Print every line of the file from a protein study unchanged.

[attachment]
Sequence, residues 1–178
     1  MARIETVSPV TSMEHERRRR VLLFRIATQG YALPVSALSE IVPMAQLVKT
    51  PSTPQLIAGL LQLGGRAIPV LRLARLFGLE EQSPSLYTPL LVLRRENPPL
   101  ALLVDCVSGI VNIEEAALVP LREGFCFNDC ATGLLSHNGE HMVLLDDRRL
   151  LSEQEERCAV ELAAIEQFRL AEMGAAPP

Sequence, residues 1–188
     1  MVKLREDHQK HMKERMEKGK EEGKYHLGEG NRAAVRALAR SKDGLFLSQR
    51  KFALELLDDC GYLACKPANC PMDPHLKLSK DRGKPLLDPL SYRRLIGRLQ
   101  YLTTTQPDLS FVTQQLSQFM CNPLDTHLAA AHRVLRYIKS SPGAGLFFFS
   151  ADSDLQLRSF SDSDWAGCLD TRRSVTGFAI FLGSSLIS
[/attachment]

Sequence, residues 1–178
     1  MARIETVSPV TSMEHERRRR VLLFRIATQG YALPVSALSE IVPMAQLVKT
    51  PSTPQLIAGL LQLGGRAIPV LRLARLFGLE EQSPSLYTPL LVLRRENPPL
   101  ALLVDCVSGI VNIEEAALVP LREGFCFNDC ATGLLSHNGE HMVLLDDRRL
   151  LSEQEERCAV ELAAIEQFRL AEMGAAPP

Sequence, residues 1–188
     1  MVKLREDHQK HMKERMEKGK EEGKYHLGEG NRAAVRALAR SKDGLFLSQR
    51  KFALELLDDC GYLACKPANC PMDPHLKLSK DRGKPLLDPL SYRRLIGRLQ
   101  YLTTTQPDLS FVTQQLSQFM CNPLDTHLAA AHRVLRYIKS SPGAGLFFFS
   151  ADSDLQLRSF SDSDWAGCLD TRRSVTGFAI FLGSSLIS